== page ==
I am working on a couple of big restaurant reviews this week, so I’m keeping today’s post short and sweet. Here are some more of the things I’ve been eating in Paris, as well as a selection of the food I ate while in the Languedoc-Roussillon region last weekend.
Delicious pasta carbonara.
Last week, when Miss Love was here, we took another day to peruse the Louvre and stopped for a snack at the miniature Angelina cafe (Le Café Richelieu) in the center of the museum. We shared two pastries- one classic, the acclaimed Mont Blanc, and one quirky, an apricot and pear tart with caramelized pastry and a lemon-thyme caramel on top. I don’t think I’d ever tried a Mont Blanc before, and this was definitely the place to try one. The noodly hazelnut strands on top and the fluffy, neutral whipped Chantilly cream and meringue base were delicious and perfectly balanced, with a clean, nutty flavor.
A creamy, delicate center.
The apricot tart was interesting, but not quite what we expected it would be. The caramel was more of a gelée on top and the fruit encased inside, like a terrine. It was certainly a unique presentation as it came off looking like a savory dish. All of the elements were well-prepared- the pastry was crispy and sweet, the fruit was fresh and tender, and the flavors were congruent, but the caramel gelée was a little strange to get used to.
Later on in the week, I picked up these sweet, fresh marshmallows from an outdoor market. They came paired in a few different flavors, but the bag I picked up had loopy strands of anise and violet ‘mallows.
Over the weekend, I took a trip to Languedoc-Roussilon with my group, to visit Collioure and spend a few days on the coast. It was stunning, and the food was fresh and tasty. This was my first meal after a five-hour train ride, and it was well-deserved and sumptuous- steamed mussels in a Banyuls sauce and strange, wavy fries.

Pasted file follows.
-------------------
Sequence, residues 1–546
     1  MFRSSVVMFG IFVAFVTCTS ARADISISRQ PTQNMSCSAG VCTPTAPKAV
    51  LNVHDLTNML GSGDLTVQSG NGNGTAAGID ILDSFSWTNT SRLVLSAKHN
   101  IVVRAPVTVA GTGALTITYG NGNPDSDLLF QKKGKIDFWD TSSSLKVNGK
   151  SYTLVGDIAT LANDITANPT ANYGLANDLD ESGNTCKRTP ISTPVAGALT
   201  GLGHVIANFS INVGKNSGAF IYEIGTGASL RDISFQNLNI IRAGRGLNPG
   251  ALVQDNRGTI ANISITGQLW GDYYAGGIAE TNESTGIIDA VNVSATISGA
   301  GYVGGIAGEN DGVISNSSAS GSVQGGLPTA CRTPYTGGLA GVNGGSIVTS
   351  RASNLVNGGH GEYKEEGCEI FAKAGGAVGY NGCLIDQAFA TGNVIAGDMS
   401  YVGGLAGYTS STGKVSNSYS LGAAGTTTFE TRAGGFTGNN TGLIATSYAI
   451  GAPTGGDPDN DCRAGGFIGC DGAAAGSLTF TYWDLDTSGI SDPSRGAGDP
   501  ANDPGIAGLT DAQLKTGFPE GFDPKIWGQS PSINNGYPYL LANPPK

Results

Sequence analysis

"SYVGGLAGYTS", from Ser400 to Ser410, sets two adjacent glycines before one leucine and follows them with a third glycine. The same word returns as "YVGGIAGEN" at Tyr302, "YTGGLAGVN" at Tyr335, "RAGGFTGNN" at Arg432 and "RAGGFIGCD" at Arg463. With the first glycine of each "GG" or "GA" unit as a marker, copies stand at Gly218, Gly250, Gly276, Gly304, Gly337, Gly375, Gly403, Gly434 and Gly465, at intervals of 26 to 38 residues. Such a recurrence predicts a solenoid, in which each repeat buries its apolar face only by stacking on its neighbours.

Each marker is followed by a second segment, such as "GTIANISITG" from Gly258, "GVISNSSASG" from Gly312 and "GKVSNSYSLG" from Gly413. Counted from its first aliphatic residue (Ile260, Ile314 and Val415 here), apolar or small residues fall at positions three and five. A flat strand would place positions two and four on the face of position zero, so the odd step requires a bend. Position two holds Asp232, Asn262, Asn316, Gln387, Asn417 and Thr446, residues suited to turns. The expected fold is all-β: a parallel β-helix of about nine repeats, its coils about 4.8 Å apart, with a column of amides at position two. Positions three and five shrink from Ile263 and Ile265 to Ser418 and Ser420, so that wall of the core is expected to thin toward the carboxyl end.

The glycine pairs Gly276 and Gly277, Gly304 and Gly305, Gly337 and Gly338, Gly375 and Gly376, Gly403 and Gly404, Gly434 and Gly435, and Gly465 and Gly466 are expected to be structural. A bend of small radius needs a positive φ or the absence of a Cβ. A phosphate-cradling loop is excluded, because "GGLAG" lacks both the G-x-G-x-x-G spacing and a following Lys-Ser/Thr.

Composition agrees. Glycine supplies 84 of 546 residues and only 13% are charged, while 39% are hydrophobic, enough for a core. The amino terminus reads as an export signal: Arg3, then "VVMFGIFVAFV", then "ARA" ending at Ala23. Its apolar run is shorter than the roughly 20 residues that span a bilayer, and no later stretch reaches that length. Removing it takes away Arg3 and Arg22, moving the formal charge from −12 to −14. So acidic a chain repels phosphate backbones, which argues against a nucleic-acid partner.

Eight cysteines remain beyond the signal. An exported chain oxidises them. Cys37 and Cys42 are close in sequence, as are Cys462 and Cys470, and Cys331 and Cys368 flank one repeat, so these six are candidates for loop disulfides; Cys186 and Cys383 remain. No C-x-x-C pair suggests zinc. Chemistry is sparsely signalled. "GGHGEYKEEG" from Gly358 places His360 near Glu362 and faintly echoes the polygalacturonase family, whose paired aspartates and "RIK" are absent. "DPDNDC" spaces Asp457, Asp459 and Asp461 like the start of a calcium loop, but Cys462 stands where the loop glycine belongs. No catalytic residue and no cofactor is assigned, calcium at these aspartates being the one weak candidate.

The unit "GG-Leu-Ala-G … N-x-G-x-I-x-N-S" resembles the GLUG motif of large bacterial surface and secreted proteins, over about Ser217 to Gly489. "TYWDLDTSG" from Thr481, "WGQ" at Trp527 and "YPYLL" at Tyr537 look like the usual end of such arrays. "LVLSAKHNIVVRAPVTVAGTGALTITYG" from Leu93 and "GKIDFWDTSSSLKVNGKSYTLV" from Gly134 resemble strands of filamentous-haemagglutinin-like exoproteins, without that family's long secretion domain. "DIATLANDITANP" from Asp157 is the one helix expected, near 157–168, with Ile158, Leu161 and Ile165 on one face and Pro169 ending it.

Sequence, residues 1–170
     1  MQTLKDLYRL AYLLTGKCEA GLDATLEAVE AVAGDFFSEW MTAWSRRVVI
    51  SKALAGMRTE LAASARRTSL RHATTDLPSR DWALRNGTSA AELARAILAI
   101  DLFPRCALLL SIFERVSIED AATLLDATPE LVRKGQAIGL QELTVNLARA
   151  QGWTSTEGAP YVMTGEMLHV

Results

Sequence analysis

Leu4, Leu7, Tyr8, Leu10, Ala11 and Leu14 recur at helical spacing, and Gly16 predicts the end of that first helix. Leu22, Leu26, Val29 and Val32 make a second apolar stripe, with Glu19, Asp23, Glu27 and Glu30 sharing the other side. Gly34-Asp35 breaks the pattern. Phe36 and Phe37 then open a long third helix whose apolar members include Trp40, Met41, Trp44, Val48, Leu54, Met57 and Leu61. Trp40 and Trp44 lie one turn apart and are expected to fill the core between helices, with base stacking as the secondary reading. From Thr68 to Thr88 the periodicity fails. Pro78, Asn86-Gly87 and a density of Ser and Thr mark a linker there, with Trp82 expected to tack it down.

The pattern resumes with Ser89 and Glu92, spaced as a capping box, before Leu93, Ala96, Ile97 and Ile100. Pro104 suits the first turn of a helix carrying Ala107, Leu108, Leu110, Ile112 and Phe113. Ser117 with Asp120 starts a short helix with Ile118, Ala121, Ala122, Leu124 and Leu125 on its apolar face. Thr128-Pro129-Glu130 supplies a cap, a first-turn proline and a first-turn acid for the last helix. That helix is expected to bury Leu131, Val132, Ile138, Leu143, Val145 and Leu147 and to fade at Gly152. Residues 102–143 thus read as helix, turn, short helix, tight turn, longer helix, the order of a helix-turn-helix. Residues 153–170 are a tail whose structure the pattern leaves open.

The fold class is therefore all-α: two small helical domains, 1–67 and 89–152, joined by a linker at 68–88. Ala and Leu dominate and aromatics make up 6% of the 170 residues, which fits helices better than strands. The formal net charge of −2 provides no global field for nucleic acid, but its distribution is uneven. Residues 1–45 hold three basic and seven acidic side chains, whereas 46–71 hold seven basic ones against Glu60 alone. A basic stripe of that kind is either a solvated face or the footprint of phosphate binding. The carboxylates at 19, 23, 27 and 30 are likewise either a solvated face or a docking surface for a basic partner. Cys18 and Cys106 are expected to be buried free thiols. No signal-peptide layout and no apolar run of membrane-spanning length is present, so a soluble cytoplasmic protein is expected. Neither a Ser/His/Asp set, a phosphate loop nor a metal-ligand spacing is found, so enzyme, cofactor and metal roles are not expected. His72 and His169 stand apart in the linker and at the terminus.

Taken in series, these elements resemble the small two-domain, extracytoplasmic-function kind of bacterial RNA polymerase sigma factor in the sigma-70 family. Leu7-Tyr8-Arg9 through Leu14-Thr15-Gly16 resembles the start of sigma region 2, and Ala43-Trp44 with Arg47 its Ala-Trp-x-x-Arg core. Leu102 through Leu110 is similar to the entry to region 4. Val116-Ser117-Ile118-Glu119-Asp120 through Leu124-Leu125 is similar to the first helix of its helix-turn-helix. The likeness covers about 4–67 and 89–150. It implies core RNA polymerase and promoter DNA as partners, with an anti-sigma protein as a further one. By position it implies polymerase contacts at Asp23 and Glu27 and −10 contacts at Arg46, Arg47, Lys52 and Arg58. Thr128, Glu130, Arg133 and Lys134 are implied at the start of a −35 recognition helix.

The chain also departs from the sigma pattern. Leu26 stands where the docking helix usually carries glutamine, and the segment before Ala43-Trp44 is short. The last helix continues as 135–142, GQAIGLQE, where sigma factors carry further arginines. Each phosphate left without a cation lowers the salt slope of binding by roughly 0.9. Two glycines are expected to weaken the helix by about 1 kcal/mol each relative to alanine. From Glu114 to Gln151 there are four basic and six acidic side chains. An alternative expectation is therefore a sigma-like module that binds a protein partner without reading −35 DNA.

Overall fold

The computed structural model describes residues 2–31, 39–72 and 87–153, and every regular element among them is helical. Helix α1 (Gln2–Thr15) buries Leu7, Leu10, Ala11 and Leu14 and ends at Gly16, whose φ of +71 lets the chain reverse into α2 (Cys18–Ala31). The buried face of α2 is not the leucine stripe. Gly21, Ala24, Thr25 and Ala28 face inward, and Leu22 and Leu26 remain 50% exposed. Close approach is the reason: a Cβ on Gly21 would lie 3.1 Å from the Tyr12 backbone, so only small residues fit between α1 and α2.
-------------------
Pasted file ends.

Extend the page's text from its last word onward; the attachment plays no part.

This is a selection of some of the sweets I saw and ate in Perpignan and Collioure. On the upper left-hand corner, marzipan bananas! To the right, you’ll see some delicious pastries called Rousquilles. I am officially obsessed with these. For starters, Rousquilles look like perfect handmade doughnuts, but are structurally superior because they are covered not with a sugar glaze, but with salty, sulfurous meringue. They are traditionally flavored with either almond, lemon, or anise and have a tender cookie base. The number of these that I have consumed in one sitting with tea is less than ten, but more than five. On the bottom half, we have a selection of traditional Catalan pastries, and a gigantic meringue cookie.
This menu was at a little stand in Perignan. I didn’t order anything, but I did take note of the fact that the “complet” preparation, with an egg on top, is available with everything except an omelet. Apparently it’s universally acknowledged that egg-on-egg action is not okay.
I wanted to get this, but did not have the nerves to trust what was basically the grounded equivalent of a food truck’s take on duck confit and foie gras on a baguette with fries on top. Next time.
This was the last meal we had before we left Collioure, in Port-Vendres. Traditional Catalan roast chicken with an olive, onion, eggplant, and basil sauce. Delicious! An amazing vacation, and I’m looking forward to posting some photos from my recent trip to Sauternes as well as some Parisian restaurant reviews.